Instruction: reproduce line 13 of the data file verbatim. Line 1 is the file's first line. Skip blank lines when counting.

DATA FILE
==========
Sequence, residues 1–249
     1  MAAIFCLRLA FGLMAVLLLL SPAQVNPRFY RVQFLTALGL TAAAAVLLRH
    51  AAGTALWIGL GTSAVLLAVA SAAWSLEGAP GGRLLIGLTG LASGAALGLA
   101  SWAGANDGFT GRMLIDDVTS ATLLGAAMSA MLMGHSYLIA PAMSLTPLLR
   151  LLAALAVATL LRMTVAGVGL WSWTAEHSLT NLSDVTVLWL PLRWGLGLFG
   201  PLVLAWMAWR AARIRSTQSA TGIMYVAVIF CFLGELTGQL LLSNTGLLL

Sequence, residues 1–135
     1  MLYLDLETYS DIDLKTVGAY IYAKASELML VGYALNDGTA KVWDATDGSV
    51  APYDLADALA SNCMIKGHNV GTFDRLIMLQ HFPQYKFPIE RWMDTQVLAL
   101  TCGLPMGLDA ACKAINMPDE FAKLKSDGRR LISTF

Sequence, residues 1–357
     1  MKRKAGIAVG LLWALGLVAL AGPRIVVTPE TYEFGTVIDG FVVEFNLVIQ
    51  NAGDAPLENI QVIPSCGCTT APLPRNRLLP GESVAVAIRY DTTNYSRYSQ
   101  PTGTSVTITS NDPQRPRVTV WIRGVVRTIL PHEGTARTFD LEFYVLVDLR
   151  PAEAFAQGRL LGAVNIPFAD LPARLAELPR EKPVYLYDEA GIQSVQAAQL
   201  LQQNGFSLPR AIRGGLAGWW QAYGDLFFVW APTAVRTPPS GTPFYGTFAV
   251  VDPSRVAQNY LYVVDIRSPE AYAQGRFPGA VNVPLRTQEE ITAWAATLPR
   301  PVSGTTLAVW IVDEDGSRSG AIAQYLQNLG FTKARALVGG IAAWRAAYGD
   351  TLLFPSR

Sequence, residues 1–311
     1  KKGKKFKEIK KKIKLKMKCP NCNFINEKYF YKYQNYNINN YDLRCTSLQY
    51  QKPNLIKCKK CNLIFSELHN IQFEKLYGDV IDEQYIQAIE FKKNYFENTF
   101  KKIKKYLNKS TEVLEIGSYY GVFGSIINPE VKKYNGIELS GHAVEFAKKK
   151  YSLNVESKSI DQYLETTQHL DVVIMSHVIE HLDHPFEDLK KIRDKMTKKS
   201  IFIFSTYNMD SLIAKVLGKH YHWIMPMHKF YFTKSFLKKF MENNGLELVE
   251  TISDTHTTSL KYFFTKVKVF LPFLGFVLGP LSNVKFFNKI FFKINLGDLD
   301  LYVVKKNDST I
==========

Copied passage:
    51  NAGDAPLENI QVIPSCGCTT APLPRNRLLP GESVAVAIRY DTTNYSRYSQ